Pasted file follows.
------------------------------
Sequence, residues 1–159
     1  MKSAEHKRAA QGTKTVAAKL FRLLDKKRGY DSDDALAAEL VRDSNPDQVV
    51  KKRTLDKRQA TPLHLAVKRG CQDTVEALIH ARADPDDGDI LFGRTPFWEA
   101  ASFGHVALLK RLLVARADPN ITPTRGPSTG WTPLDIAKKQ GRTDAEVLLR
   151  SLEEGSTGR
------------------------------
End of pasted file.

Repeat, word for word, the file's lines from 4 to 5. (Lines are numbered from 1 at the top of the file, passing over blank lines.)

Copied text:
   101  ASFGHVALLK RLLVARADPN ITPTRGPSTG WTPLDIAKKQ GRTDAEVLLR
   151  SLEEGSTGR